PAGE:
Tuesday, October 11, 2005

Mystery of the Grackles' roost trees

For the last week I've continued to monitor the huge numbers of grackles roosting for the night in the trees surrounding the Pulitzer Fountain -- the fountain in front of the Plaza Hotel.

As the days get shorter, the grackles arrive earlier. On Monday they were already flying in at 5:30 pm . By 5:45 they were streaming in in groups of twenty or fifty. A cloud of about 300 starlings flew in around 5:50. By 6:15pm I'd say there were easily 1000 birds in the 10 Linden trees that form a half-circle around the fountain.trees.

Early this morning Donna Browne, erstwhile chronicler of the Trump-Parc hawk family, checked out the Grackle roost to see when they fly out. She reports that the birds began to leave at 6:37 a.m.

The mystery I refer to in the headline above is hidden in a poem about the Pulitzer Fountain that was sent to me by Mary Birchard, a Central Park birder. But it will not make sense unless I mention another detail about the Pulitzer Fountain that had not seemed particularly relevant earlier: the fountain is topped by a bronze statue of a nude woman. She is leaning over in a posture reminiscent of the popular painting entitled September Morn. Here's E.B. White's poem:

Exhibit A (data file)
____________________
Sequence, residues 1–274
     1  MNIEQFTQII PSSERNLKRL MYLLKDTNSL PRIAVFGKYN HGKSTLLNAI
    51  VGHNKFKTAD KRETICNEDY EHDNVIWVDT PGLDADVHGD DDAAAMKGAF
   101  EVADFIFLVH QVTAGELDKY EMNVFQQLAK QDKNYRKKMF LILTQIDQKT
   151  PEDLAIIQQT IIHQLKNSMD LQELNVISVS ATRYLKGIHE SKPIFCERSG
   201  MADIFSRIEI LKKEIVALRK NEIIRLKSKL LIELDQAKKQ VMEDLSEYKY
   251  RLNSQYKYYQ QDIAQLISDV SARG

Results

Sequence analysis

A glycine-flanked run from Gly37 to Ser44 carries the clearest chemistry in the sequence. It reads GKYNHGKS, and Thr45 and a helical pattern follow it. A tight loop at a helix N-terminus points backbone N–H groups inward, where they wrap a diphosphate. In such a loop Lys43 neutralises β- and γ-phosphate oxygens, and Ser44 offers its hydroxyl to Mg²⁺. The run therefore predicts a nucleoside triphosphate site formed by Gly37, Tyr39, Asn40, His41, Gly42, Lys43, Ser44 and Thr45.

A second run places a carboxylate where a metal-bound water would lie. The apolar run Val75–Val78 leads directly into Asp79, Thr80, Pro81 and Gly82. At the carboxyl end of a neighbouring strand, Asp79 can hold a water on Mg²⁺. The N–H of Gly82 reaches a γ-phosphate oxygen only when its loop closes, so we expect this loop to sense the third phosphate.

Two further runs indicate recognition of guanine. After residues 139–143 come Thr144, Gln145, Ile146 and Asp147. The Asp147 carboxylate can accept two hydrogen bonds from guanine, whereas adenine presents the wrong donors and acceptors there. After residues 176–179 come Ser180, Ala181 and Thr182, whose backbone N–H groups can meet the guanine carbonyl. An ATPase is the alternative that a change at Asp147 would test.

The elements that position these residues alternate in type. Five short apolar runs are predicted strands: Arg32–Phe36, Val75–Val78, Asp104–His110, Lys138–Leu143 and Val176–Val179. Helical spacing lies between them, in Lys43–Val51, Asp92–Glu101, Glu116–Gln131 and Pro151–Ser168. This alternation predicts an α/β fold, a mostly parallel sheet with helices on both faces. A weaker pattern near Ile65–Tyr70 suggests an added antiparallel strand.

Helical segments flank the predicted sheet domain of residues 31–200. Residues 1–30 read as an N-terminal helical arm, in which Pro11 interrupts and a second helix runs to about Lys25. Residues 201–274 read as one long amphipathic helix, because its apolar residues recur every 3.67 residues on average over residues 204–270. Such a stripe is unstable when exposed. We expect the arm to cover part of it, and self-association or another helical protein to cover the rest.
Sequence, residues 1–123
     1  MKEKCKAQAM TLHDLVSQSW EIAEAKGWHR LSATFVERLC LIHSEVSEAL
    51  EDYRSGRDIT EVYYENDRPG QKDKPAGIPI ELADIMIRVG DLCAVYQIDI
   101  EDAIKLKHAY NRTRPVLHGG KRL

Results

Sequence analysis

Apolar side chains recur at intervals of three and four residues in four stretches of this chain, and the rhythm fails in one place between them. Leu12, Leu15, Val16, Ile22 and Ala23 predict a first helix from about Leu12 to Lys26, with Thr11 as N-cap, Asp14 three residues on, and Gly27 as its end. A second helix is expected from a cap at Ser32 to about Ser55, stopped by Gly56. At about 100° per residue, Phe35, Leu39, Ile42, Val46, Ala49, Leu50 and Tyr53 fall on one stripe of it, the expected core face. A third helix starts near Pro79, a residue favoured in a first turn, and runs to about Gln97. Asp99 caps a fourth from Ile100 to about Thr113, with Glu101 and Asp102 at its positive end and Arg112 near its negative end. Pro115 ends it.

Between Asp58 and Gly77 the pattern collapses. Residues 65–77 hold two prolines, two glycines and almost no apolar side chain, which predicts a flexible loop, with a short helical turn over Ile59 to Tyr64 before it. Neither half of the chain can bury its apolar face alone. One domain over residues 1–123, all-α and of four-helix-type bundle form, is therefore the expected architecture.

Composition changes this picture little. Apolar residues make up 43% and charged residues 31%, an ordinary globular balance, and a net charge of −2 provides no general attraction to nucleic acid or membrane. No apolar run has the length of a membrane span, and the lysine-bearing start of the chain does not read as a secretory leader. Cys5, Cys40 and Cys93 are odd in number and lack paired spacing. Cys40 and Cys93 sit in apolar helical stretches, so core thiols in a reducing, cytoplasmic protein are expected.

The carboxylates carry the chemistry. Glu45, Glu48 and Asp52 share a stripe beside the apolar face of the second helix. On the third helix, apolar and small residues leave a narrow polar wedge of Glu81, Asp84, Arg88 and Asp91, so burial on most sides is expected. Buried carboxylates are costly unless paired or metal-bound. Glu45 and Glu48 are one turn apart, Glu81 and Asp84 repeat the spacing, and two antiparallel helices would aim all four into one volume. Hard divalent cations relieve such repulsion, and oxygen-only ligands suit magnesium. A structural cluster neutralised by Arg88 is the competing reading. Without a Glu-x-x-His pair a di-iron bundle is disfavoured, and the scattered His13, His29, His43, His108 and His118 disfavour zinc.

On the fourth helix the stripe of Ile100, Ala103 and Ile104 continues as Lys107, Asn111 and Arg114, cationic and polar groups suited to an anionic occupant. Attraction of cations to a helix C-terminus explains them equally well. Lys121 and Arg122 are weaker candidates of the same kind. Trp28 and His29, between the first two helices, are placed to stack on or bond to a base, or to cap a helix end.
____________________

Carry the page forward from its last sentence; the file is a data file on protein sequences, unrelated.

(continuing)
(Intimations at Fifty-eight Street)

The fountain is dry at the Plaza,
The sycamore trees go bare;
The ivy is sere and it has a
Resigned and immutable air.

The lady is cold at the fountain,
The sitter is cold on the ledge,
The Plaza is gaunt as a mountain,
The air is a knife with as edge.

But what is this sniff and this twitter,
And what is the pluck at my vest ?
What gleam in the eye of the sitter,
What lamb of a cloud in the west ?

The earth is but held in solution,
And March will release before long
The lady in brazen ablution,
The trees and the fountain in song !

Here is the mystery: E.B. White describes the trees as Sycamores. Yet the ten trees now surrounding the fountain are Lindens. Could the famous writer, a resident of a farm in rural Maine and the author of a book filled with natural science details [Charlotte's Web] have mistaken a Linden for a sycamore? Impossible.

What happened to the sycamores E.B.White mentions in his poem? I'm determined to find out, and I'll let you know what I discover.